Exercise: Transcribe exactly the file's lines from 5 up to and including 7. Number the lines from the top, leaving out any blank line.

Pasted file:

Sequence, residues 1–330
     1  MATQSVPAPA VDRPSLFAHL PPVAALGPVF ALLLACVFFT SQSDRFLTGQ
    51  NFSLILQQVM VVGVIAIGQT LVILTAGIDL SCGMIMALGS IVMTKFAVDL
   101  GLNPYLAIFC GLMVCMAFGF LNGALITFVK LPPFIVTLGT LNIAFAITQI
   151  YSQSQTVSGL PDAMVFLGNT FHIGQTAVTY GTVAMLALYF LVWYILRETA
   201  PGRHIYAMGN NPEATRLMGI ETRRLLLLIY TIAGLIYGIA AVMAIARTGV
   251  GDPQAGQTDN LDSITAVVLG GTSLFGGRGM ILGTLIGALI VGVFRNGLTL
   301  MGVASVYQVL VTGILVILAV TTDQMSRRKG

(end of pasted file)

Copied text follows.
   151  YSQSQTVSGL PDAMVFLGNT FHIGQTAVTY GTVAMLALYF LVWYILRETA
   201  PGRHIYAMGN NPEATRLMGI ETRRLLLLIY TIAGLIYGIA AVMAIARTGV
   251  GDPQAGQTDN LDSITAVVLG GTSLFGGRGM ILGTLIGALI VGVFRNGLTL